Choosing a Path
Any organisation that designs a system (defined broadly) will produce a design whose structure is a copy of the organisation’s communication structure.— Melvin E. Conway
It’s easy to say, “choosing between SOA and Microservices”, but it in reality unless you’re in a green-fields start-up or are deliberately re-evaluating an organisations enterprise architecture, it’s not a decision that will present itself.
SOA and MSA should be enterprise-wide architectural frameworks, not decisions which are made on an application-by-application basis.
If the decision is being made, there are some key factors which feed into the decision. These include:
- Preference for custom applications, or Common Off The Shelf (COTS)
- The existing technology and integration landscape
- The operating model of the business
- The DevOps maturity of the organisation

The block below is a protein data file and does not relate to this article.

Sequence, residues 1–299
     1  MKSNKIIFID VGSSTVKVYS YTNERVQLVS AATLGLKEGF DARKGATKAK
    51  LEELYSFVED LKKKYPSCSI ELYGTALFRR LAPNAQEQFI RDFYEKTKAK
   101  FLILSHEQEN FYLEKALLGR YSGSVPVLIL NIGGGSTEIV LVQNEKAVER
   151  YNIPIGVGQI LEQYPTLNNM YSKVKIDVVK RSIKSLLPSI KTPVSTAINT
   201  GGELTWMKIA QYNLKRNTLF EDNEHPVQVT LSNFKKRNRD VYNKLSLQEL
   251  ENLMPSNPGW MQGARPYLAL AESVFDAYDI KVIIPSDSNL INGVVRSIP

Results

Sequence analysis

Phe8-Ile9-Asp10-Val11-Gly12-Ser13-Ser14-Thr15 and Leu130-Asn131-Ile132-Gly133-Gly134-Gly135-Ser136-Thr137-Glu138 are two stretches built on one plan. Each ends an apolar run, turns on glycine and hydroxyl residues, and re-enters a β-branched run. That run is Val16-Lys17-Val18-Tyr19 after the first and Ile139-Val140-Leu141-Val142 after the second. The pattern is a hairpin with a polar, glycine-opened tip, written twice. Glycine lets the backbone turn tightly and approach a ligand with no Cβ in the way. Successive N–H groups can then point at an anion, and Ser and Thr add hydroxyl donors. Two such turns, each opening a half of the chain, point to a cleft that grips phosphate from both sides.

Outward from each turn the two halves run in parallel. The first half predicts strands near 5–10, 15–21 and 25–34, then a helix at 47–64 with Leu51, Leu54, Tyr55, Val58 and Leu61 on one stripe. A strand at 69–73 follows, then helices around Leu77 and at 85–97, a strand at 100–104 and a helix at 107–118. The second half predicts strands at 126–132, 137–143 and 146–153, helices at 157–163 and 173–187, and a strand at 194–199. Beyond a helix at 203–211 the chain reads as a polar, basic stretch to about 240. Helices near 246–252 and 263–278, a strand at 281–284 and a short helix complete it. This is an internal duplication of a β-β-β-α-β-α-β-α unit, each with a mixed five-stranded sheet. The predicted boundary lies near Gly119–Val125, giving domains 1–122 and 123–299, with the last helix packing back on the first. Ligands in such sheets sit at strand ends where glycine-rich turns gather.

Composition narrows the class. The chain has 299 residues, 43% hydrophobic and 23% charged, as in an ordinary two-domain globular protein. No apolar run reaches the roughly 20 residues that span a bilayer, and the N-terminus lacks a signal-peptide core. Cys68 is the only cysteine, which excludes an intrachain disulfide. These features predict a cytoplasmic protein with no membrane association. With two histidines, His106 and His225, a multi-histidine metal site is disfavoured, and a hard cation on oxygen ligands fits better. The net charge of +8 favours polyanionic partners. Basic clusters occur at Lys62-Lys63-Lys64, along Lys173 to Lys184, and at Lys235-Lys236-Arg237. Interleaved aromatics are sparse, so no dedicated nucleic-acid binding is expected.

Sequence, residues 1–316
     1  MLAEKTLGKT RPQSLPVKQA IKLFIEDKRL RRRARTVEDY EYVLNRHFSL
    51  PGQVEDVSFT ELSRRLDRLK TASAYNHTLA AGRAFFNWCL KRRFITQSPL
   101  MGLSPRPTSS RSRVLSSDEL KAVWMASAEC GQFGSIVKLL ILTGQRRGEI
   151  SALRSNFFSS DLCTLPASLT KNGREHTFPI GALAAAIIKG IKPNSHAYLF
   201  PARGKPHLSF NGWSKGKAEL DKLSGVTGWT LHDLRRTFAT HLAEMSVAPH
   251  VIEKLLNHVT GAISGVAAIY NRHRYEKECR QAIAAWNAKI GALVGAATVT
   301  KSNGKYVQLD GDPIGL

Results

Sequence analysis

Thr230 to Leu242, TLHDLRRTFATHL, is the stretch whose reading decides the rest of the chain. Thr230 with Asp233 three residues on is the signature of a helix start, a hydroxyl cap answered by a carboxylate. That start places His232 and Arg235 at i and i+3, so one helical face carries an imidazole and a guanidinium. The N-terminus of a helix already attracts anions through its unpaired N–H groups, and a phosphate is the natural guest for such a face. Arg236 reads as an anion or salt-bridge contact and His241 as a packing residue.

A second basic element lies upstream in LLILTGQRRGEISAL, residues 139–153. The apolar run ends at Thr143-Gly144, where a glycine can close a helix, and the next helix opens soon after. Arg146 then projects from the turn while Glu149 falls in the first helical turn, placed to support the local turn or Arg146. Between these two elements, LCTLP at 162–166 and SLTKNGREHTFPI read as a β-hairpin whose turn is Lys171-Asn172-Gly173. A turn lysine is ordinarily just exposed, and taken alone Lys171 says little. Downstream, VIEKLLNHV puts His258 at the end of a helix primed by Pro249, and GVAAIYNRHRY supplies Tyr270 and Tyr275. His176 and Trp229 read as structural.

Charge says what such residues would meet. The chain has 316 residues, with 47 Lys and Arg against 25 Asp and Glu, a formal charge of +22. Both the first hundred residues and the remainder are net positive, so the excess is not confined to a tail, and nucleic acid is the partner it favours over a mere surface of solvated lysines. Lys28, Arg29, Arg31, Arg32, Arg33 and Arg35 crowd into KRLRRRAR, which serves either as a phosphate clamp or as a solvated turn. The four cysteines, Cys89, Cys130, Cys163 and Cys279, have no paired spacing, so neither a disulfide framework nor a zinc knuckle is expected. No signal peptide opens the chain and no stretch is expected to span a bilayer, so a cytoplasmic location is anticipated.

Preference for Common Off The Shelf (COTS)
Organisations that purchase COTS applications quickly find the functionality is not within the control of their developers. This if often bundled into the application codebase, and technology layer.
This type of application is best suited to SOA, where Services can be used as facades to mediate, route and transform the application to work the way they need. SOA is not bound to the underlying technology and relies on Services having dependencies on lower layers to execute the functionality.
Microservices are fully encapsulated, meaning they own the ability to deliver changes to the functionality they provide, and are the sole owner of the underlying data and technology stack.
Existing IT Landscape
The existing IT infrastructure and the way the company operates it has a large bearing on the type of systems it can provide.
In a traditional organisation, teams exist that are focused on the capabilities of networking, application support, development, and business analysis. These are the common shared services that exist to support development.